OVERVIEW: My daughter Cece is 9 years old and last fall we were walking through a Barnes & Noble (yes they still have those!) and we saw a display for a picture book titled Cece Loves Science. My daughter saw the display and shouted, “I DO love science!”
I’ve been using science and engineering related picture books for two decades- both with children and adult learners. I look forward to thinking about how I will use Cece Loves Science (by Kimberly Derting and Shelli R. Johannes, illustrated by Vashti Harrison) with the preservice and inservice teachers I support.
The picture book tells the story of a young girl of color, Cece, who loves to ask questions and figure things out. In the story, Cece and her best friend Isaac, are trying to figure out the best way to conduct an investigation involving her dog, Einstein.
This book has been out for over a year and I’m interested to hear how folks have used this picture book with students. I’d love to hear some stories.
PURPOSE: In the last few years we have seen a much-needed increase in the number of STEM-focused picture books with main characters representing populations who have traditionally been marginalized in STEM- females and people of color. Cece Loves Science is another resource to add to our toolbox that highlights the exceptional thinking of young ladies and positions them as the determined problem-solvers that they are.
AUDIENCE: children, adults, educators, teacher educators, librarians, informal science educators
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Horizon Research, Inc recently released their findings from the 2018 National Survey of Science and Mathematics Education (NSSME+). The plus sign signifies the inclusion of some computer science in the survey. This project surveyed over 7k teachers of science, math, and computer science across the US.
This report provides some excellent evidence for future research, district implementation, teacher education, professional development, curriculum development and much more. The survey itself might be of interest to many and provides a strong model for developing surveys.
Click HERE to visit the NSSME+ site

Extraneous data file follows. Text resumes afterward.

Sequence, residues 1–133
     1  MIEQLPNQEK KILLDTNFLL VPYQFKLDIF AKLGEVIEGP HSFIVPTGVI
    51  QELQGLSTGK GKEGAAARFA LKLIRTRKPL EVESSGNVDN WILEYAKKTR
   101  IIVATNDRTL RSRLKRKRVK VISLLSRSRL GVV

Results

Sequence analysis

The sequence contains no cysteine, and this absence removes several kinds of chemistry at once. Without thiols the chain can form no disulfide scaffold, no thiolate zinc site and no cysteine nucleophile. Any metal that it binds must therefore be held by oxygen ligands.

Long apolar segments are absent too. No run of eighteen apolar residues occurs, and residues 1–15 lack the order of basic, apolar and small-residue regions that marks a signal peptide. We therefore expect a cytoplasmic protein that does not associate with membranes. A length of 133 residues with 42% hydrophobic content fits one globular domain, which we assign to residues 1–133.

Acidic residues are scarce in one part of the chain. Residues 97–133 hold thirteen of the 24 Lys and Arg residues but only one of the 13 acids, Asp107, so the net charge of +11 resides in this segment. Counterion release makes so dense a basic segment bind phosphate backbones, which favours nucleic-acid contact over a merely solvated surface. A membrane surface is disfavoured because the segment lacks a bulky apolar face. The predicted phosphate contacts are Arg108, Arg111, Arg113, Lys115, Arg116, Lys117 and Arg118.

Click HERE to download the report
OVERVIEW: The Smithsonian Science Education Center and the Shell Oil Company have collaborated to compose a document titled- Fostering Change: Ideas and Best Practices for Diversity in STEM Teaching in K-12 Classrooms. This playbook provides support in trying to diversify the STEM teaching ranks.
PURPOSE: Here is some wording directly from the playbook that describes the purpose of the document.
The nation faces challenges to achieve excellence in its science, technology, engineering, and math (STEM) workforce; and, the importance of fostering diversity in STEM teaching is fundamental to this success. Several theories support the importance of having educators in the classroom who reflect the background and experiences of the students in their schools. Across the nation, there are programs that aim to increase the number of STEM teachers or programs to increase the number of teachers from diverse communities at large, but very few programs aim to do both at the same time. In 2015, an effort was launched by Shell and the Smithsonian Science Education Center to bring together individuals and organizations with the unique ability to foster change through a series of activities designed to assist school districts in implementing systemic reform to increase diversity in their STEM teaching community.
Together, these experts identified several opportunities that can impact a school district’s path toward increasing the diversity of STEM teachers in the classroom, while preparing these same STEM teachers for science leadership opportunities. One identified need was a playbook of recommended discussions, practices, and tools that a school district could use to foster change. This playbook will provide school district decision makers and change makers with a starting point to begin their efforts. The playbook is designed to be responsive to district needs and will be revised as we collect feedback from school districts and individuals who offer best practices for success.
I recommend skimming the Table of Contents to get a clear overview of the playbook.
This is a thoughtfully designed resource to add to your toolbox of equity-focused science resources.
AUDIENCE: school district leaders, human resource departments, college of education administrators and recruiters, supporters of equity and diversity in STEM teaching and learning
This is a very affordable opportunity for upper elementary and middle school science teachers in the Puget Sound Region to dig into STEM education and equity.
Here is the link if you are interested in signing up:
Below is information copied from the registration site…
DATE AND TIME
Wed, November 29, 2017
8:30 AM – 4:00 PM PST
Microsoft Conference Center
16070 NE 36th Way
Redmond, WA 98052
This full-day workshop for upper elementary and middle school teachers will give participants tools to engage their students in science and engineering practices aligned with the NGSS. From building low-cost sensors, to iterating design challenges to writing across the STEM disciplines, teachers will add to their toolkit of effective and engaging teacher practices. Professor Jose Rios’ keynote will challenge participants to develop their ideas about educating for equity and access in STEM.
Six STEM clock hours will available for an extra fee, pending approval.
- 8:30-8:45 am – Opening
- 8:45:- 10:30 am – Hacking STEM
- 10:30 – 10: 45 am – Break
- 10:45 – 12:30 pm – Science/Engineering Notebooks
- 12:30 – 1:15 pm – Lunch